Home Economics The Number Of Large-Cap Companies Publicly Subjected To Demands Rose Again

The Number Of Large-Cap Companies Publicly Subjected To Demands Rose Again

For those who haven’t yet downloaded a copy of the Review but need a crib sheet to get through the day’s meeting (everyone will be talking about it, don’t you know), I thought it made sense to cover some of the key findings.

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First, although the volume of activism was down in 2017, there were areas of growth. In particular, the number of large-cap companies publicly subjected to demands rose again (overall, they represented a two percentage point greater share of all companies targeted than last year). In Europe and Asia, M&A activism increased; in the U.S., M&A activism may have been held back until this year thanks to the belated passage of tax cuts but the campaigns that took place around deals in 2017 presage a greater depth to activist tinkering in strategy following transactions.

Companies fighting back harder is a clear theme. Analyzing U.S.-headquartered companies exclusively, settlements in demands for board representation fell six percentage points between 2016 and 2017, and the number of board seats gained through settlements fell from 244 to 169, even as proxy contests that went to vote became (marginally) more rewarding.

Looking ahead to 2018, the Review predicts that policy changes and growth will help activism spread throughout Europe and Asia. It also covers attempts to limit activism in the U.S., and some of the major topics that will have an impact on shareholder voting in 2018. An article by our sister company, Proxy Insight, provides the European perspective on U.S. compensation, an angle that is often not deeply explored.

We also used the Review to highlight some of our own predictions for how activist campaigns will play out in 2018. While we are not necessarily expecting record activity without a sell-off, a prediction that may be wrong given the blistering start we had in January, we think more companies at turning points will find shareholders suggesting updates to their strategies. Track record, persistence, and environmental, social, and governance credentials will become more important.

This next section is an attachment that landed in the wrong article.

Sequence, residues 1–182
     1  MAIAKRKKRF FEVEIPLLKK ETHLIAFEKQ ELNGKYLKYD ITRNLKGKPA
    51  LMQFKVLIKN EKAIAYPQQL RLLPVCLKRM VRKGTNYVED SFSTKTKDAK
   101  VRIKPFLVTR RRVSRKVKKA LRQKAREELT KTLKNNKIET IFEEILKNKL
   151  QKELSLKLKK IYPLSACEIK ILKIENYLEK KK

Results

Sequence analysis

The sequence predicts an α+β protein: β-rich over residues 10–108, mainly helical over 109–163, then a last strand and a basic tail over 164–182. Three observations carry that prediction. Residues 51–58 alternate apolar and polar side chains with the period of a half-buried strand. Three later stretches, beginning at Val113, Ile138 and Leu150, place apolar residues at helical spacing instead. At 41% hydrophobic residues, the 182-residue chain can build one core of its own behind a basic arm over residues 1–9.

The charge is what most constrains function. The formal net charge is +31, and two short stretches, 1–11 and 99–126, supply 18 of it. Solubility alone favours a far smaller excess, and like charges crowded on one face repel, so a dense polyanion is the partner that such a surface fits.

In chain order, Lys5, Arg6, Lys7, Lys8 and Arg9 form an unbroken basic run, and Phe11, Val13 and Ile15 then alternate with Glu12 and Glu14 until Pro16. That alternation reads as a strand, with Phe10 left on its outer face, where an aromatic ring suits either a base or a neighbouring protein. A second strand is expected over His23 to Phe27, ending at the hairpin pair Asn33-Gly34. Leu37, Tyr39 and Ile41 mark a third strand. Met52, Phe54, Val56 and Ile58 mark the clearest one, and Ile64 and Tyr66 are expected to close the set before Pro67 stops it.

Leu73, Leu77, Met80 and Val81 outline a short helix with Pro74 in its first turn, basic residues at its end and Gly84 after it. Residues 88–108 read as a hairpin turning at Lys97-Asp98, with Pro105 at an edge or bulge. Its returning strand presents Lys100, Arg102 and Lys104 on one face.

I hope the Review provides a thoughtful reflection on the past year in activism. Even more than that, I hope it sparks something of a debate about where the industry is heading over the next few years. If you have comments about any aspect of it, please don’t hesitate to drop me an email.

Shareholder activism has gotten off to a record start in 2018. 81 companies were publicly subjected to activist demands worldwide in January, a 9% increase from the peak – in 2016 – and 14% on 2017. Much of the increase came from Asia and Australia – both enjoying hot starts to the year – while Canada has had a much faster start than last year. The U.S. has taken a leap forward compared to last year and was just one company off 2016’s peak, while dedicated activists were responsible for fewer than half the campaigns – down from 75% in 2015.

I spoke with Andrew Freedman, co-head of Olshan Frome Wolosky’s activism practice, about the frenetic start to 2018. He told me Olshan had already delivered 12 nomination letters, and while February would be an even better determinant of how busy this year is shaping up to be, “If January is any indication, it could be one heck of a proxy season.”

An underlying factor may be a continued decline in settlements – last January saw a fair few before fights overtook that narrative – and Freedman notes that activists have generally found companies more resistant to early settlements so far this year. “Nary an activist is going to let a nomination deadline go without at least preserving their right to a proxy statement,” he added.

Quote of the week comes from Paula Loop, Catherine Bromilow, and Leah Malone of PwC’s Governance Insight Center, writing in the Harvard Law School Forum on Corporate Governance and Financial Regulation on “The changing face of shareholder activism”:

While many hedge funds had been thought of as being too focused on short-term gains, the longer-term operational activism has helped to shift that perception.

Article by Activist Insight